Geb was resplendent in white, in the same kind of robe that Malak wore, but with more embroidery and a sun engraved on silver collar around his neck. "Good morning, Khayn," said Geb. "You're looking very well today, especially in your new clothes.
"Saifa! How are you feeling?"
She smiled. "Better, but not good enough to get up yet."
"Well enough for this, I hope," said Shavash. In his pristine blue uniform, he knelt beside her and pressed something in her hand. "That is for your bravery, Letsaifal Malif of Draynen."
Her eyes widened. "You know my whole name! I almost forgot it myself."
"Well, I'm very good at names." He rose, and slipped something into Khayn's hand, cold smooth metal. Khayn opened his fist: on his palm lay the silver medal for bravery of Ardaynenn, with the lir bird and the star of Taytha engraved on it. He closed his fingers back around it, and offered it, numbly, to Shavash. "I can't take this, sir."
He thought back to the past couple days, but nothing he had done had qualified as heroic; his only goal had been to escape with his life. He'd helped Geb and Saifa, but they'd also helped him.
"Geb told me all that you did," said the president, refusing to take back the medal. "All of you. He was very modest concerning his part, but I filled in the blanks, with my wife's help." He turned to Thayata.
"After all that wizard must've done to you," she said to Geb, "you're nothing less than a walking miracle."
"Why, thank you. I do try."
Thayata shook her head, a hint of a smile at the edge of her mouth.
"Now that you've been debriefed, Geb," said Shavash, "it's time for you to rest. As soon as the Forest magic gets to you, your magic will run out even sooner than it would otherwise. I'm beginning to see through your façade already."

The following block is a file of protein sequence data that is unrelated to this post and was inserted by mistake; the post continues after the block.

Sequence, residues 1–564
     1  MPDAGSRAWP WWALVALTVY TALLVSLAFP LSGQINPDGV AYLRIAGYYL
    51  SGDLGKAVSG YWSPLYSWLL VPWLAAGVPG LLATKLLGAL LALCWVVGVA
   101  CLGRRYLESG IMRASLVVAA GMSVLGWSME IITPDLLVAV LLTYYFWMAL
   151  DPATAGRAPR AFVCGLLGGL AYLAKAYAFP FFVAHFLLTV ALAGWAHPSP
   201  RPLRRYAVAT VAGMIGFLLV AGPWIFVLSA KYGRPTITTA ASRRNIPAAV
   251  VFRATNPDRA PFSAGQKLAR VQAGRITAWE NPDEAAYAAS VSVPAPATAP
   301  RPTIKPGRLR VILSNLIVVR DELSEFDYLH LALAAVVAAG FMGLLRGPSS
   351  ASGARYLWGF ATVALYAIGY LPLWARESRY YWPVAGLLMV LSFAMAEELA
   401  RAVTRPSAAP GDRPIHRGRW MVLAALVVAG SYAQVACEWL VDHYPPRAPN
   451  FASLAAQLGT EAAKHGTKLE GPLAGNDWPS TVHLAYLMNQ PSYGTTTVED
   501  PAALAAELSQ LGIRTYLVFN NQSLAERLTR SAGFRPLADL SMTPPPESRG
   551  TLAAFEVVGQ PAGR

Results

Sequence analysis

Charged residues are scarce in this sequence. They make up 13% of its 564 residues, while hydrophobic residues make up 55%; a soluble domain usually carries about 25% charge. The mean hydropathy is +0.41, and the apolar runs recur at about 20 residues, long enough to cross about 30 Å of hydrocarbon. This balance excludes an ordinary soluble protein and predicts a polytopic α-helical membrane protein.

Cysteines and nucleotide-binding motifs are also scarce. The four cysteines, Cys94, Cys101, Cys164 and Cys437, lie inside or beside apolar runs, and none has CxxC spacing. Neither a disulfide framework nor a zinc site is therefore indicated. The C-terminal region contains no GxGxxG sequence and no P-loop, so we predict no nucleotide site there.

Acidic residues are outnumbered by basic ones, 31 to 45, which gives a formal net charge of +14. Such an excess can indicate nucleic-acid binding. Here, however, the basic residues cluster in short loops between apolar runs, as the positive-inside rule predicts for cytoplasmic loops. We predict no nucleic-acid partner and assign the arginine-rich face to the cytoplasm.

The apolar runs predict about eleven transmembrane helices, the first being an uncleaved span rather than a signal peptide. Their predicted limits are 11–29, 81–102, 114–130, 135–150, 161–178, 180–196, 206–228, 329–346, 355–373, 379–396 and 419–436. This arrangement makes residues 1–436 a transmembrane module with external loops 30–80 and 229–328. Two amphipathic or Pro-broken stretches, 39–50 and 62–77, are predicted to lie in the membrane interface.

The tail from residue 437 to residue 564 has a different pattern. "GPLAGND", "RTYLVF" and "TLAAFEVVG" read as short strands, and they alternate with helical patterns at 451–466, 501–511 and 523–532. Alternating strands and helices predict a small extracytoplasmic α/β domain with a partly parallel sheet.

"But I can't just lie around, I need to get back to work-"
"You won't be any use to anyone if you keep going like this," said Thayata. She put her arm behind his back, gently guiding him toward the empty bed. "It'll be over sooner if you'll just give in and let me take care of you."
Geb sat down on the bed beside Saifa. "It's really not so bad. I feel fine. Malak will tell you."
"The healer is right, Master. You aren't yourself." Malak stood with his hands behind his back.
Geb bowed his head. Then he looked up at Khayn, and Khayn was shocked at the change. Dark circles were under his eyes, his golden eyes almost as dull as they had been in the dungeon. A jagged scar showed along his hairline.
"There. I've stopped enhancing my appearance. Are you happy now?" He let Thayata lay him back against the bed."Well Saifa, it looks like we're going to be neighbors-the only good thing about this business."
They soon left, the President to his war room, Malak to his tent. Khayn wasn't sure if he was supposed to stay in Geb and Malak's tent every night; in any case, he didn't want to go back there. Instead, he wandered around the camp, his mind in a haze, fingering the edges of the silver medal in his pants pocket.
He found himself on the edge of the camp. Only a few tents were scattered among the trees. No one was in sight. The trees rose in silent majesty above him. A lir-bird sang off in the distance, its song like the voice of a river running over smooth stones, a magic river, echoing out of the beginning of time.
Khayn followed the song deeper and deeper into the Forest, hoping to catch a glimpse of the elusive bird. Before he knew it, he was out of sight of the camp, and ahead of him rose tall houses, gray with hints of rainbow, like spiderwebs strung in mist.
About three stories, some higher, they were built around the bases of the trees. There were no visible windows, just translucent structures made of woven filaments. The houses spread out far into the Forest.
Without realizing it until it was too late, he stepped through a ward-web, and immediately Foresters in green and brown surrounded him, their rifles raised, one rifle pressing its cold mouth against his forehead.
Like his grandfather had taught him to do if Foresters ever threatened him, he raised his hands and dropped to his knees, saying the ancient words: "Lang-hal firnor."-Friend of the Forest.